It seems to be defendant's contention that because plaintiff boarded the child out full time, and did not do so under a day-nursery plan whereby she could have the child with her nights, she was neglectful in her maternal duties and thus unfit to have the child's custody. Defendant admitted that plaintiff was compelled to support herself after the divorce. The property settlement agreement made no provision for alimony other than the sum of $50 for plaintiff's "support during the time that she is obtaining employment." No alimony was asked for in the divorce action and none was awarded. Economic necessity compelled plaintiff to work. Having no other place to keep the child, she did what she considered best under the circumstances, — placed him in the care of persons who had been recommended to her by her minister's wife, and rented a room for herself. Plaintiff did what any other working mother would have done under similar circumstances. [10] The fact that a divorced working mother is impelled by circumstances to relinquish the physical care of her child when boarding him, is not, in itself, indicative of a relinquishment of her power and duty of supervision over her child. There was no showing here that plaintiff surrendered anything other than the physical care of the child when she left him with the Stantons. The evidence shows she visited the child every day when her work permitted, and when it did not, she visited him two or three times a week and had him with her on alternate Sundays (defendant had him the other Sundays); she lavished love and affection upon him; was concerned over his welfare and health; saw to it that he was regularly taken, either by herself or her mother, or by Mrs. Stanton, to the pediatrician who had attended him since birth; saw to it that he received all of the recommended immunizations and vaccinations; and, perhaps most important, was exceedingly careful in her selection of the persons in whose care she was entrusting the physical care of her child.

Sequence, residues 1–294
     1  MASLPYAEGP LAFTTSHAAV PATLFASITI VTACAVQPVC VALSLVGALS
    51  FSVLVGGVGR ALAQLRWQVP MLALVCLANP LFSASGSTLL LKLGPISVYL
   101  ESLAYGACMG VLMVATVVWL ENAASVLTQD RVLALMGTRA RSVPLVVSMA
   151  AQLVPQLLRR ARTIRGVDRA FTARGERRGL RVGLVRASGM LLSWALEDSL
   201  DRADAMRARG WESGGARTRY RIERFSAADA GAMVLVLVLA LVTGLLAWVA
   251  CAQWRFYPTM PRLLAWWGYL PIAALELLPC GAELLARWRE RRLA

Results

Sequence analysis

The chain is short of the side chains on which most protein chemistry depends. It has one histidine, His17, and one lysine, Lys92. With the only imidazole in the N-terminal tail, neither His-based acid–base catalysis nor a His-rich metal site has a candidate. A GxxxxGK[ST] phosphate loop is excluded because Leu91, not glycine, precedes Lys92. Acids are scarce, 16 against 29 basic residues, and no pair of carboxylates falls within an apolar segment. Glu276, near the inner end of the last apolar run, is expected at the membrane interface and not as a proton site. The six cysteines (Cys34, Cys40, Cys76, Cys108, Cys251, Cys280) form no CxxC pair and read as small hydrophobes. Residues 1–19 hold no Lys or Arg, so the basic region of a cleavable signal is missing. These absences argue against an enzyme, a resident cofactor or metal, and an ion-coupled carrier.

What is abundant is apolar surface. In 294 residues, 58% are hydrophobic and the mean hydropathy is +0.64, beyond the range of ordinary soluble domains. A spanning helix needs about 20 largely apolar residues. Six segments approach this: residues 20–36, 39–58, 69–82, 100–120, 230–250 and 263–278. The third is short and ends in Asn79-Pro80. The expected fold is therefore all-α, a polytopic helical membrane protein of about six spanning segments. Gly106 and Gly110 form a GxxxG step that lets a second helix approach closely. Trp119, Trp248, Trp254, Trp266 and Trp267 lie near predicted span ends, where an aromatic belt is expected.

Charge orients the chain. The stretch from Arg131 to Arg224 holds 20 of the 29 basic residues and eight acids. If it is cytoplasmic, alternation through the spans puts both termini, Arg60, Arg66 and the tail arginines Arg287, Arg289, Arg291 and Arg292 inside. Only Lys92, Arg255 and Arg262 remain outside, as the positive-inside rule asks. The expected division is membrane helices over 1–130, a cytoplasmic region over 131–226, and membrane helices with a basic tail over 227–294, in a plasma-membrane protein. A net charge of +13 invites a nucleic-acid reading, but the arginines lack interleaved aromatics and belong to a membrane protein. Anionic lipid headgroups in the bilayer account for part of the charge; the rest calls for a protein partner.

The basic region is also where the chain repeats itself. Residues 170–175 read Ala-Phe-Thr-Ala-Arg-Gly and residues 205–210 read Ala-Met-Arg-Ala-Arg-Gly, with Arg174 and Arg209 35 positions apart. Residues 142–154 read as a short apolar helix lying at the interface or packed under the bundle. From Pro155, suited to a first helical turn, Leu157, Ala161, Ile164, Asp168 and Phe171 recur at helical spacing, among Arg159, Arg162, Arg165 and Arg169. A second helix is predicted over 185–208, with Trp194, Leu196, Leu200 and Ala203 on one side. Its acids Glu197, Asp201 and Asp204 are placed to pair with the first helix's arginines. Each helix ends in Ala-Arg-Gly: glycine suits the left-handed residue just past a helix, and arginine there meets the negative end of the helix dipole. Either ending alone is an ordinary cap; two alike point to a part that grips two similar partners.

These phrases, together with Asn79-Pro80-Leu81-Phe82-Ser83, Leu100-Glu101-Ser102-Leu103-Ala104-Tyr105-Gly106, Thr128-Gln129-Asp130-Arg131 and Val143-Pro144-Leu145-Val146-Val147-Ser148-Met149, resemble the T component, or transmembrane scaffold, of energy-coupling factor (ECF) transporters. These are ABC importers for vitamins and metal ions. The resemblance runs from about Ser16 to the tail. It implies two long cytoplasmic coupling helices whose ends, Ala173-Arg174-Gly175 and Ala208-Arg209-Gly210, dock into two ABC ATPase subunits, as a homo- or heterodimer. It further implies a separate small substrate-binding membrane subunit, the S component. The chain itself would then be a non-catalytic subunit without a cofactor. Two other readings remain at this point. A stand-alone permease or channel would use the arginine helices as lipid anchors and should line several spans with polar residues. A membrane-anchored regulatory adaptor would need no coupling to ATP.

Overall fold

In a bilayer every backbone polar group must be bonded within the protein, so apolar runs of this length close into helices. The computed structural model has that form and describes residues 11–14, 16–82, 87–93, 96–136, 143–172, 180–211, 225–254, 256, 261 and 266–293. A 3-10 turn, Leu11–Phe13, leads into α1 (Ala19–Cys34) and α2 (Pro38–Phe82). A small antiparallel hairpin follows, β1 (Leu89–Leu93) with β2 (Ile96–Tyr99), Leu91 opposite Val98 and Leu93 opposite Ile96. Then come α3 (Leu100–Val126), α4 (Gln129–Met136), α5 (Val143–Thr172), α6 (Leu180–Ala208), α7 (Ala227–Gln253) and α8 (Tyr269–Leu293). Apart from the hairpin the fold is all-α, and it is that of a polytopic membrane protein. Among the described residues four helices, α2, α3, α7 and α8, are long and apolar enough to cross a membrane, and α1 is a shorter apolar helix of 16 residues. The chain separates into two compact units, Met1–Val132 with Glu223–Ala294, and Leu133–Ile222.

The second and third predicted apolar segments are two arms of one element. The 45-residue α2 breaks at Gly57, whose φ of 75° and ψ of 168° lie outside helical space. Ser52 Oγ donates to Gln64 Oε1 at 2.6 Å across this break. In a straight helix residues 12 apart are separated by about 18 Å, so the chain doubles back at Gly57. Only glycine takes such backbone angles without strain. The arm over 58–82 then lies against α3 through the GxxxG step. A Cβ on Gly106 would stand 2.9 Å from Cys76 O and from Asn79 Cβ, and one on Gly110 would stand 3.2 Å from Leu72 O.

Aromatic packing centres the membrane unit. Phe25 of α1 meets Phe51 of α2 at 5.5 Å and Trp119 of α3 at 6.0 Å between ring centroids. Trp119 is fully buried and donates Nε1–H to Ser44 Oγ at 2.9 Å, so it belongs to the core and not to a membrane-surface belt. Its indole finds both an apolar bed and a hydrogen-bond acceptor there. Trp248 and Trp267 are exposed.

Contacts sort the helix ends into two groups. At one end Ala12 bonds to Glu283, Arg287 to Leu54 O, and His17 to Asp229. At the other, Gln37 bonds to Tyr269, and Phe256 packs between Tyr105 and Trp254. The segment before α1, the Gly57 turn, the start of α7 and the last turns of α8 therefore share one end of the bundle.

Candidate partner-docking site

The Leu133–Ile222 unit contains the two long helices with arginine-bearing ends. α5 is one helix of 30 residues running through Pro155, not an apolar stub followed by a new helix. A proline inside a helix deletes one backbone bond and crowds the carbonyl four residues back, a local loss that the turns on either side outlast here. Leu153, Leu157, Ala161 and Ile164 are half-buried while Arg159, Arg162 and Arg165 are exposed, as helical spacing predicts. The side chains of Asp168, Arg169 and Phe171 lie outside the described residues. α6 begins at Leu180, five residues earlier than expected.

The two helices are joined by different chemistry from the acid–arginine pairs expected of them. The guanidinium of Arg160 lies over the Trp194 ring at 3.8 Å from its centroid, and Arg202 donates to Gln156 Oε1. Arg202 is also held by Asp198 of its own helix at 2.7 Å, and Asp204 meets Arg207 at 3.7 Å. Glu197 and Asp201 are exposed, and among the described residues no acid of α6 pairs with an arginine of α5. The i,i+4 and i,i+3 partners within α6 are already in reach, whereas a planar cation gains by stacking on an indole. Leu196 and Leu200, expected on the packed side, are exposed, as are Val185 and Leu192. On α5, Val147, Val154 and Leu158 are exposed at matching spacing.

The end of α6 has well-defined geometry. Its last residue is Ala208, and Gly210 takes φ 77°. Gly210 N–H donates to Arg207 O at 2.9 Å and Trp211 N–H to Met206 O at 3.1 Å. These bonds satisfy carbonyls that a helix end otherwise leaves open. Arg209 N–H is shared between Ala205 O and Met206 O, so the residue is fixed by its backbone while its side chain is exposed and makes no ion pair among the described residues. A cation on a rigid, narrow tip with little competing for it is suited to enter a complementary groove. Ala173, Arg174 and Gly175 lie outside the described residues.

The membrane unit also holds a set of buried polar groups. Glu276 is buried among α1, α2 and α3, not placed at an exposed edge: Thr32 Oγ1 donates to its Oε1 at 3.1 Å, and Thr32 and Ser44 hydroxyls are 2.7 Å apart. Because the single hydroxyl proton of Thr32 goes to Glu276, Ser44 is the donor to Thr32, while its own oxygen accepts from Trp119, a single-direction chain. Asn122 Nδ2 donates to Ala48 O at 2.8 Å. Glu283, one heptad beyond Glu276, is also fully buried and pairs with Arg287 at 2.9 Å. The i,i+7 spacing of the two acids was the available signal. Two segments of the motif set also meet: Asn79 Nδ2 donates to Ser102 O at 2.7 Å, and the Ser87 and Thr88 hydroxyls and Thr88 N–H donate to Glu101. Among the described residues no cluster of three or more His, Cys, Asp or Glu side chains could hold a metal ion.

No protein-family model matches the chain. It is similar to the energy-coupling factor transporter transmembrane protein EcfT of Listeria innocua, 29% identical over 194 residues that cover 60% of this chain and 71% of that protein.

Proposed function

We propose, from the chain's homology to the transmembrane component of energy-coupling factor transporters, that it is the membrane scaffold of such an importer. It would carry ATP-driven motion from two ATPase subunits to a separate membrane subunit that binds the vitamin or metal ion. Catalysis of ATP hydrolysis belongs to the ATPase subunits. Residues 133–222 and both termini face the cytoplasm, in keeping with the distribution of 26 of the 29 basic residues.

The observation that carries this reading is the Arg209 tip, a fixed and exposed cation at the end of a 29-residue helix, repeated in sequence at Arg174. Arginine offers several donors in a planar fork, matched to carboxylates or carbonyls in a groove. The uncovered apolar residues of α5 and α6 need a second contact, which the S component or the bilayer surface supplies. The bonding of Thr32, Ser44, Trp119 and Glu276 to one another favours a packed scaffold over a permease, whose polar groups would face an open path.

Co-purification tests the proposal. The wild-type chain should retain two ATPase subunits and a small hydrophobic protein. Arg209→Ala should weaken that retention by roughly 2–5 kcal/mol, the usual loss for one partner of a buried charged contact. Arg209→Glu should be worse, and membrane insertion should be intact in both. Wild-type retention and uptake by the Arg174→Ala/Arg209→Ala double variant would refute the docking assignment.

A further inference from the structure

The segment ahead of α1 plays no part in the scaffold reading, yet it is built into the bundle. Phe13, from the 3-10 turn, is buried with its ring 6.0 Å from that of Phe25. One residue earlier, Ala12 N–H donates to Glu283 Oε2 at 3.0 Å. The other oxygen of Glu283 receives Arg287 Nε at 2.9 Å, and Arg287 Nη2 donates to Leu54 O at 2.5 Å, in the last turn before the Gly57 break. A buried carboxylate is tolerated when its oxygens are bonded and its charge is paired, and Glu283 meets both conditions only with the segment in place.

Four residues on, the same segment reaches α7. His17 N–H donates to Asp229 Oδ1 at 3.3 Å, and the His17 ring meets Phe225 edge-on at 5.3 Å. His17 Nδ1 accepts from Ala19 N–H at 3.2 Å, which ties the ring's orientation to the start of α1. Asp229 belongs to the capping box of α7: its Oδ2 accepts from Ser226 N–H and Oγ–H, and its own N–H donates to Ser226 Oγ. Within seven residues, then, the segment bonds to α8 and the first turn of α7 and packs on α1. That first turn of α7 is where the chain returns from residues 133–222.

As further illustrative of plaintiff's unwillingness to assume and perform her proper maternal duties, defendant argues that plaintiff permitted the child to remain with the Stantons for a period of a little over two months following her remarriage. Plaintiff testified that she had continued working after her marriage in order to "clear up" about $200 of the bills she had incurred as a result of her operation, that she did not feel that her new husband "should pay for them. They were mine. I had them before I met him." Under the circumstances this fact does not show neglect of the child. At the time of the hearing plaintiff was no longer working, the child was living with his mother and stepfather, and she was devoting her full time and attention to his care.

Defendant admitted that during the reconciliation period he slapped plaintiff while she had the child in her arms. He admitted he had been drunk a couple of times. He testified: "I have a bottle of beer once in awhile, and I have been drunk a couple of times. I have never been drunk enough that I couldn't walk. I don't mean drunk, — I have had a few drinks where I feel happy, and so does everybody else."

[11] Considering the age of the child and the record, we are of the opinion it was an abuse of discretion to modify the custody provisions of the decrees. (See Bemis v. Bemis, 89 Cal.App.2d 80 [ 200 P.2d 84]; Juri v. Juri, 69 Cal.App.2d 773 [ 160 P.2d 73]; Moon v. Moon, 62 Cal.App.2d 185 [ 144 P.2d 596]; Washburn v. Washburn, 49 Cal.App.2d 581 [ 122 P.2d 96].)

[12] Plaintiff also appealed from an order denying her motion for allowance of attorney's fees and costs on the appeal from the order modifying the decrees. The court erred in denying plaintiff's motion. From what has been said, it appears that the appeal was meritorious and taken in good faith. The evidence on the hearing of the motion showed that plaintiff did not have the funds necessary to prosecute the appeal or to pay attorney's fees, and that defendant was in a position financially to pay a reasonable sum therefor. It is plain that the refusal to make plaintiff a reasonable allowance to prosecute the appeal was an abuse of discretion. ( Kyne v. Kyne, 74 Cal.App.2d 563, 568-9 [ 169 P.2d 272]; Norris v. Norris, 50 Cal.App.2d 726, 735 [ 123 P.2d 847]; Coleman v. Coleman, 23 Cal.App. 423, 426 [ 138 P. 362].)

The order modifying the interlocutory and final decrees of divorce is reversed. The order denying plaintiff's motion for costs and attorney's fees on appeal is reversed with directions to allow plaintiff a reasonable sum therefor.

Shinn, P.J., and Wood (Parker), J., concurred.

A petition for a rehearing was denied August 2, 1951, and respondent's petition for a hearing by the Supreme Court was denied September 13, 1951. Schauer, J., and Spence, J., voted for a hearing.